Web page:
Extravagant Love

Then Mary took a twelve-ounce jar of expensive perfume made from essence of nard, and she anointed Jesus’ feet with it, wiping his feet with her hair. The house was filled with the fragrance.

John 12:3

Christian devotion is the spontaneous act of extravagant love which ignores all social conventions and practical logic in order to pour out on Jesus all adoration, praise, and honor.

In our attitude . . .

Extravagant love is unreserved: no cultural norms or personal inhibitions will stop us from adoring our Lord.

Extravagant love is unashamed: no fear of embarrassment will prevent us from displaying our love for Christ.

Extravagant love is unexpected: we love Christ passionately because he loved us graciously.

Extravagant love is unrehearsed: our gratitude to him flows spontaneously out of thankful hearts.

Extravagant love is unreal: our love is a supernatural work of the Holy Spirit.


In our actions . . . extravagant love is a passionate burning heart on fire for Christ.

Passionate love is expressive: our love for Christ involves our whole being.

Passionate love is excessive: we are over-the-top in our adoration of Christ.

Passionate love is external: no hiding our devotion to the one who died and rose again.

Passionate love is extensive: our love for Christ involves every area of our lives.

Passionate love is extraordinary: the world cannot understand our convictions, loyalty, and love for Christ.

Maintaining a passionate, extravagant love for Christ fulfills the command to love the Lord, your God, with all our heart, soul, mind, and strength (Matt. 22:37).

“And the house was filled with the odor of the ointment” (John 12:3).By the breaking of that flask and the anointing of the Lord Jesus, the house was pervaded with the sweetest fragrance. Everyone could smell it and none could be unaware of it. What is the significance of this?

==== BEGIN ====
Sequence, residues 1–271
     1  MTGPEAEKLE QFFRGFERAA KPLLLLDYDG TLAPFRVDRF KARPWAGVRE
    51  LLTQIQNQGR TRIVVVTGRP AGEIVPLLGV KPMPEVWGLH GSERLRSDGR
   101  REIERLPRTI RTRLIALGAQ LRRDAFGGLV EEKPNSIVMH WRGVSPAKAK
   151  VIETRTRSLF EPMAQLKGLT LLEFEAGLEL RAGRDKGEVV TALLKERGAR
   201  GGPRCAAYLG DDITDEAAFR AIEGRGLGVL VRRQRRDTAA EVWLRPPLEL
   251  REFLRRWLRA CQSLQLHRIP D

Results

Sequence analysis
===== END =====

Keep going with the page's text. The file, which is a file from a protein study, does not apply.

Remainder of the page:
Whenever you meet someone who has really suffered — someone who has gone through experiences with the Lord that have brought limitation, and who, instead of trying to break free in order to be ‘used’, has been willing to be imprisoned by Him and has thus learned to find satisfaction in the Lord and nowhere else — then immediately you become aware of something.

Immediately your spiritual senses detect a sweet savour of Christ. Something has been crushed, something has been broken in that life, and so you smell the odor. The odor that filled the house that day in Bethany still fills the Church today; Mary’s fragrance never passes. It needed but one stroke to break the flask for the Lord, but that breaking and the fragrance of that anointing abides.

We are speaking here of what we are; not of what we do or what we preach. Perhaps you may have been asking the Lord for a long time that He will be pleased to use you in such a way as to impart impressions of Himself to others. That prayer is not exactly for the gift of preaching or teaching.

It is rather that you might be able, in your touch with others, to impart God, the presence of God, the sense of God. Dear friends, you cannot produce such impressions of God upon others without the breaking of everything, even your most precious possessions, at the feet of the Lord Jesus.

Watchman Nee, The Normal Christian Life (Fort Washington , PA: CLC, 1985), 281.


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